Introduction to Loading Data into Teradata

Data

Introduction to Loading Data into Teradata

by Josh Varner

Loading data into Teradata can be done quickly and fairly easily using the Teradata FastLoad utility, but the utility isn’t exactly friendly to new users. This article provides a quick introduction into the FastLoad utility, which is included in the free Teradata Tools & Utilities (TTU) package downloadable from teradata.com. FastLoad can do many more advanced things, but we’ll just cover the most basic usage in this article.

If you don’t already have the Teradata Tools & Utilities installed, visit http://downloads.teradata.com/download and click “TTU – Windows Install”. The FastLoad utility is also available on Teradata installations and comes with Teradata Express VMs.

When you start FastLoad, you’ll instantly see why it’s not the friendliest utility for beginners. It’s simply a command prompt, waiting for proprietary FastLoad commands.

Teradata FastLoad Screen

FastLoad can be executed interactively as seen above, but the simplest method of execution is to create a text file that contains the commands and queries that will be executed, and to pass that script file to FastLoad to run in non-interactive mode. As our example, we will create a FastLoad script to create and populate a simple table called “footable” that will contain a BIGINT column “bar” and a VARCHAR(50) column “baz”.

An important note: FastLoad will only load data into empty tables. In our example, we will create a new table. If you need to load into an existing table, you can add SQL statements to the beginning of the script to either drop & recreate the table or use a DELETE statement to delete all rows from the table.

Our script will go through the following phases: establishing a connection to Teradata, creating the target table, defining the input file format, loading the data, ending the loading phase, then logging off. The input file format we’ll use for this example is a formatted Teradata export file, though FastLoad will also accept unformatted, binary, text, and variable-length text files. The formatted file option simplifies things a bit, since delimiters are not required.

First, establish a connection to Teradata.

LOGON host/user,pass;

Create the destination table. You could optionally drop the table before this line.

CREATE TABLE foodb.footable (
    bar BIGINT NOT NULL,
    baz VARCHAR(50))
    UNIQUE PRIMARY INDEX (bar);

Configure the job to accept the formatted input file “footable.formatted” and show debugging information about the specified format.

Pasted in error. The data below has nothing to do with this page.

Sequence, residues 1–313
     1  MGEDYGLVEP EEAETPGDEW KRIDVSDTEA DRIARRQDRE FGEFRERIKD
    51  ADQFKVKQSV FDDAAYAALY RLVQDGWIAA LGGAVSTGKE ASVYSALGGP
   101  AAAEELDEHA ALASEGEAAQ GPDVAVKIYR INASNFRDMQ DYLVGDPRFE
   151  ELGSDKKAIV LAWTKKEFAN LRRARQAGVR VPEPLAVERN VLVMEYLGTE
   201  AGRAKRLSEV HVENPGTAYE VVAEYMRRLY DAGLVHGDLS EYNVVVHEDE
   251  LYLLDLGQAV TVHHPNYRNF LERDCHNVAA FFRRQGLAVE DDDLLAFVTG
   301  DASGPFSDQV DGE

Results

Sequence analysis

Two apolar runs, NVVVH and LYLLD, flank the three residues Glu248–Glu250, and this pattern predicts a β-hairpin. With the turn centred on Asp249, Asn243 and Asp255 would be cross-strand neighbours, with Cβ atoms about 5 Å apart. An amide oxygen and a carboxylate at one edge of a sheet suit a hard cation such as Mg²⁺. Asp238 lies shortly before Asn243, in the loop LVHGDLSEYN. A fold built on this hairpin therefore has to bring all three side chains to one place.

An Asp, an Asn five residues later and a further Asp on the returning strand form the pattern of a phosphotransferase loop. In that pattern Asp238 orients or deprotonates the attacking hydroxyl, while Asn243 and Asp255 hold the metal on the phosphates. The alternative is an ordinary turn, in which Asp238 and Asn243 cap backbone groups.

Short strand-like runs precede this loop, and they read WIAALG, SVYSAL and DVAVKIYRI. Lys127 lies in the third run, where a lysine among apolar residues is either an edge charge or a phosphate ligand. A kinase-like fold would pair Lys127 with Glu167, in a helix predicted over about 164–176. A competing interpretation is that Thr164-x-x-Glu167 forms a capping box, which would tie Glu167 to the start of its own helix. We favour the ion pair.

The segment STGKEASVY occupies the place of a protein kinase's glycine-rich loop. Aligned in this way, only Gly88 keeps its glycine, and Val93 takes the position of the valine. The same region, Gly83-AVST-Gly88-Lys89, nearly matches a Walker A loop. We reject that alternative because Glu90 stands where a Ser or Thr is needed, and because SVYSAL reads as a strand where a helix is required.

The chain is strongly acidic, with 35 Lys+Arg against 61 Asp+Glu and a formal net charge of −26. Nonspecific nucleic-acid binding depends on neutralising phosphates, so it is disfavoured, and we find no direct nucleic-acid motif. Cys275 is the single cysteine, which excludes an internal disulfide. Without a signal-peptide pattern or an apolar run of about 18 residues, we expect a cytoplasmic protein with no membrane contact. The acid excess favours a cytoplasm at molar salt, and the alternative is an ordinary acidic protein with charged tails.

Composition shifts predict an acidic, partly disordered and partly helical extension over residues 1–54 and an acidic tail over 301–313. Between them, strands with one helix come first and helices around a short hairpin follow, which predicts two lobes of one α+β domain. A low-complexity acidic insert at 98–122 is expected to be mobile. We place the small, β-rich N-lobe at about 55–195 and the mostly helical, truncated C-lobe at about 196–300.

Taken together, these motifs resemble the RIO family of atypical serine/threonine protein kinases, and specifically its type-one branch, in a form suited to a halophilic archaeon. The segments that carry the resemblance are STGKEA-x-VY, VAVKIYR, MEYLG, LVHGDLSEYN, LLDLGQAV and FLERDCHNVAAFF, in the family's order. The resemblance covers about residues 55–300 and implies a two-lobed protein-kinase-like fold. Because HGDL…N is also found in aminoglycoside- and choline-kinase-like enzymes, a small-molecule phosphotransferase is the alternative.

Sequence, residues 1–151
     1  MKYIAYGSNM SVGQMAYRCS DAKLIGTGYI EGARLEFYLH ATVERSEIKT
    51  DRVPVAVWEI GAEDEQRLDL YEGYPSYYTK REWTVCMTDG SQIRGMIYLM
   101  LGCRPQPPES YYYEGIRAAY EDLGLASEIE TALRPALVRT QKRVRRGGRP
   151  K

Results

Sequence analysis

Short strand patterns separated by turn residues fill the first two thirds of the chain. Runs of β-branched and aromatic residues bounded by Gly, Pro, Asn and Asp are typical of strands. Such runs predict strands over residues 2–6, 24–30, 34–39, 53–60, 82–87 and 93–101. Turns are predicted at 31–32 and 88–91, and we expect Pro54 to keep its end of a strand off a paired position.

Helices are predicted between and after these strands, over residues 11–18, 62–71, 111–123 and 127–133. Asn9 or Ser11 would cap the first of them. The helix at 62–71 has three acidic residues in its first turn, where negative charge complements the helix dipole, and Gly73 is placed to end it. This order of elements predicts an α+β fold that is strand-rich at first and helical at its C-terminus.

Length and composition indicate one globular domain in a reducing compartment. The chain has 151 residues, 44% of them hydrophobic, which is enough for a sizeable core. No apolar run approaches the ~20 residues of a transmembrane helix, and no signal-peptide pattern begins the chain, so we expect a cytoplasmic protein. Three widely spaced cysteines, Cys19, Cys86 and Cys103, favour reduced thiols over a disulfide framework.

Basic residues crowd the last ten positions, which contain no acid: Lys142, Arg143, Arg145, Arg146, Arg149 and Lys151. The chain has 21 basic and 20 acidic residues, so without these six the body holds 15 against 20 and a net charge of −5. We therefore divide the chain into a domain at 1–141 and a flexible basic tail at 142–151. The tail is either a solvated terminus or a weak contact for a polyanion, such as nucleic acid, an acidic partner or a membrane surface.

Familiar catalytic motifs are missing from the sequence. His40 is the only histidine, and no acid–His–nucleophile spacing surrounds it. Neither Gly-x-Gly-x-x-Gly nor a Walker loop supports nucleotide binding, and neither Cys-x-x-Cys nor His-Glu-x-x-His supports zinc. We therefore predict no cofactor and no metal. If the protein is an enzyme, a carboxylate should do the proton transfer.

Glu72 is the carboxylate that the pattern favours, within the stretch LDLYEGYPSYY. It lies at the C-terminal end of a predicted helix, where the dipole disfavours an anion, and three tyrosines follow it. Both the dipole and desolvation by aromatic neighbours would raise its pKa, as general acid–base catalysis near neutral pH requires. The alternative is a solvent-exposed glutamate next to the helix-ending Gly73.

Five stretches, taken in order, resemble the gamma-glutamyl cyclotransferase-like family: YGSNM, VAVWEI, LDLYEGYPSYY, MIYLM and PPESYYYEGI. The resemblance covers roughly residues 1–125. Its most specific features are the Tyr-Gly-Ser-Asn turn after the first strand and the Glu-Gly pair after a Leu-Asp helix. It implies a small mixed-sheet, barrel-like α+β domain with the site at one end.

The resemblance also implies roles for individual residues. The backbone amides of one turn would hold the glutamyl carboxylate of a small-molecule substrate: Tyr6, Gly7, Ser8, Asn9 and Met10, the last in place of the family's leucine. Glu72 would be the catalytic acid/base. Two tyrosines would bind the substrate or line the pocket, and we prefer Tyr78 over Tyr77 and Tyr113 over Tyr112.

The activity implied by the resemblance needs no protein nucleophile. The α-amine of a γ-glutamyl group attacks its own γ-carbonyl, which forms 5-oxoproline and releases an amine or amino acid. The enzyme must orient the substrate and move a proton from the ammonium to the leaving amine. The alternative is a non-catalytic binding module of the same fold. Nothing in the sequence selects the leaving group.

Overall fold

SET RECORD FORMATTED;
DEFINE 
        f_bar (BIGINT),
        f_baz (VARCHAR(50))
    FILE = footable.formatted;
SHOW;

Begin the loading phase and specify the error tables that will be used. Don’t let the “ERRORFILES” name fool you– these are tables, not simple files. If the job fails for whatever reason, these tables (Error_1 and Error_2) may need to be dropped before the job is restarted. These table names must not conflict with existing tables.

BEGIN LOADING foodb.footable ERRORFILES Error_1, Error_2;

Insert the data into the table. Note that the data is actually staged at this point. The destination table will not be populated until after the loading phase has been ended, which will be triggered by the next line. Progress information will be shown periodically during this phase.

INSERT INTO foodb.footable (bar, baz) VALUES (:f_bar, :f_baz);

End the loading phase, which will cause Teradata to actually populate the destination table with the data that has been staged during the loading phase. This might take a long time (hours in some cases), depending on the size of the job, so don’t be surprised if the job appears to have frozen at this point. Unfortunately FastLoad does not print progress information for this stage of the job.

END LOADING;

Finally, quit the job and terminate the connection to Teradata. At this point, the data will be populated into the destination table.

LOGOFF;

The following is the script in full. It can be executed by saving as “footable.fastload”, then running “fastload

LOGON host/user,pass;

CREATE TABLE foodb.footable (
    bar BIGINT NOT NULL,
    baz VARCHAR(50))
    UNIQUE PRIMARY INDEX (bar);
SET RECORD FORMATTED; DEFINE         f_bar (BIGINT),         f_baz (VARCHAR(50))     FILE = footable.formatted; SHOW;
BEGIN LOADING foodb.footable ERRORFILES Error_1, Error_2; INSERT INTO foodb.footable (bar, baz) VALUES (:f_bar, :f_baz); END LOADING; LOGOFF;

For more information about FastLoad, see the Teradata FastLoad documentation, available at http://www.info.teradata.com/edownload.cfm?itemid=110590003.

More About the Author

Josh Varner

Database Engineer
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